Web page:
We require a new pride of birth, in that whatever valuable quality we show really goes to establish the quality of the family; and a new confidence in our instinctive judgments of human worth. As the Dean of St. Paul’s says, ‘We need a new tradition of nobility’.46

Hubert Montague Crackanthorpe / Wikimedia Commons

In the case of Inge, the Dean quoted at this meeting in Cambridge, and that of Fisher, ‘the religious significance of evolution’ was not regarded as in opposition to Christian belief. It was this understanding of faith, and not the aggressive secular vision of Galton, that appears to have been predominant within the EES. Montague Crackanthorpe, the first president of the EES, made religiously charged references to Galton as ‘Founder’ and ‘the chief Apostle of Eugenics’, but the society distanced itself from Galton’s more provocative religious arguments.47 In 1909, when the EES received permission to ‘publish a collection of his [Galton’s] papers in book form’, it was decided to include:

  • Probability, The Foundation of Eugenics
  • Eugenics, its Definition, Scope & Aims
  • Restrictions in Marriage
    • Studies in National Eugenics
    • Eugenics as a Factor in Religion
  • The Possible Improvement of the Human Breed etc.
  • Local Associations for promoting Eugenics.48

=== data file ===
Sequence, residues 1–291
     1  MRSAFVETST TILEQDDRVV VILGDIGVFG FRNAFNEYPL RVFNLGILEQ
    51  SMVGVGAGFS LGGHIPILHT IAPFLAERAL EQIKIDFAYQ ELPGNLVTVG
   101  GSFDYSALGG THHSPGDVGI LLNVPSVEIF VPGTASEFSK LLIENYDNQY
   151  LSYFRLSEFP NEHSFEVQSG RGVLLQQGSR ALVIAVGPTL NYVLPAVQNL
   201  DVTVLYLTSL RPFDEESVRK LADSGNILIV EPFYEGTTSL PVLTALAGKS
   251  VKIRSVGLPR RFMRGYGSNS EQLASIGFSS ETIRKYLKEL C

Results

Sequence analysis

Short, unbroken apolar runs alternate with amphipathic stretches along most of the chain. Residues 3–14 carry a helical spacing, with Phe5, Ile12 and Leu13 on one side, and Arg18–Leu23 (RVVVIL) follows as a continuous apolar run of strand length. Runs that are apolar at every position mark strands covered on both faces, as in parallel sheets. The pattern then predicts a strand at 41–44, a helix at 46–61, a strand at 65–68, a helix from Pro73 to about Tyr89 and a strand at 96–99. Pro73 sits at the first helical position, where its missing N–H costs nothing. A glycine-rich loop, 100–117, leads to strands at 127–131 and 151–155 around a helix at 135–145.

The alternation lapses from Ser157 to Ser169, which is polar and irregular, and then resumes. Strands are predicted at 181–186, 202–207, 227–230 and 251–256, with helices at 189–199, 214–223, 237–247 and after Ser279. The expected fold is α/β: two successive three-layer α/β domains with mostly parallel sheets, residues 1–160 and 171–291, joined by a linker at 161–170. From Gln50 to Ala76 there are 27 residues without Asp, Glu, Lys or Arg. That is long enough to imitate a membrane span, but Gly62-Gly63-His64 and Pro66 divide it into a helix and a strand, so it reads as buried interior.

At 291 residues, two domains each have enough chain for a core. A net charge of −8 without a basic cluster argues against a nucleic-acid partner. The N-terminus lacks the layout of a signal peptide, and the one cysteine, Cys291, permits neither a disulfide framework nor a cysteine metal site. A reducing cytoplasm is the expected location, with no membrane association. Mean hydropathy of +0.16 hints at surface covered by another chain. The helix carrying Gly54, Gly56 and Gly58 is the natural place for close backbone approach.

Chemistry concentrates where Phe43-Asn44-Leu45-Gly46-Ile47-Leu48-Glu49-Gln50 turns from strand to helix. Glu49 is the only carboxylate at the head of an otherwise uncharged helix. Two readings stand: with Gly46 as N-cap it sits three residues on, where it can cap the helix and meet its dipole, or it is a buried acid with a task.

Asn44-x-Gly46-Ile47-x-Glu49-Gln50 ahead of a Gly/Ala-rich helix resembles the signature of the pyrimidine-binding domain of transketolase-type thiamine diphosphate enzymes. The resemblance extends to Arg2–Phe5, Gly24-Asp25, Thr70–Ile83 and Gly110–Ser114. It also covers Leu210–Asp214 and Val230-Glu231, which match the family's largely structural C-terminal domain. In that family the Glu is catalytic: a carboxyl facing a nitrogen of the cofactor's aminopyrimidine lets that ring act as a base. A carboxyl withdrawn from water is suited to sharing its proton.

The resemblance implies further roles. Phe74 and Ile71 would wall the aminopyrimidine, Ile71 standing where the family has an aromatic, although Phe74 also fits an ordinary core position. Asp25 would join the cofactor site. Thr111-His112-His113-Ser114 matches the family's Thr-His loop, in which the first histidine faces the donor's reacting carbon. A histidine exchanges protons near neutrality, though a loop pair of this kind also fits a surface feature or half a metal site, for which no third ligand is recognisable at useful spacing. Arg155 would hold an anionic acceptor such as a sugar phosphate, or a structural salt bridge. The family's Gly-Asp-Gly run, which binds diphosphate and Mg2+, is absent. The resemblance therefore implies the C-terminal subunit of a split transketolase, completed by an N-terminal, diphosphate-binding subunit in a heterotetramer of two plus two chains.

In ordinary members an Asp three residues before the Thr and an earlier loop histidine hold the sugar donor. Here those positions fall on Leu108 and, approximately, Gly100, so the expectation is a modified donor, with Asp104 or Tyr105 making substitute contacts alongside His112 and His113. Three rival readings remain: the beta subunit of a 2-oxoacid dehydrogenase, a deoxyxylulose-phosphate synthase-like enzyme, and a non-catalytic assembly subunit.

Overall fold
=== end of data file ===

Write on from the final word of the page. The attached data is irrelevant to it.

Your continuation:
When Galton had published these essays in 1883 there were three additional chapters, ‘Objective Efficacy of Prayer’, ‘Enthusiasm’, and ‘Possibilities of Theocratic Intervention’. All of these, however, were removed by the EES and only reappeared when the society republished the collection of essays in 1951.49 Galton’s most provocative and incendiary essays, those cited as examples of eugenicists’ desire to replace traditional religious beliefs with a secular morality, were avoided by the EES. ‘Eugenics as a Factor in Religion’ was much tamer, and emphasised that ‘eugenics strengthens the sense of social duty’ and ought to find ‘a welcome home in every tolerant religion’.50 A similar caution with respect to religion marked the interaction of the EES with the international eugenics movement. In October 1911, when the society met with Dr. Ploetz of the ‘German Society for Race Hygiene’, it was agreed to form an ‘International Race Hygiene Society’ to assist preparations for the ‘proposed International Congress of 1912’.51 One of the three principles considered essential to the success of this endeavour was the agreement that: ‘The Society hold itself aloof from party strife and party differences whether political or religious’.52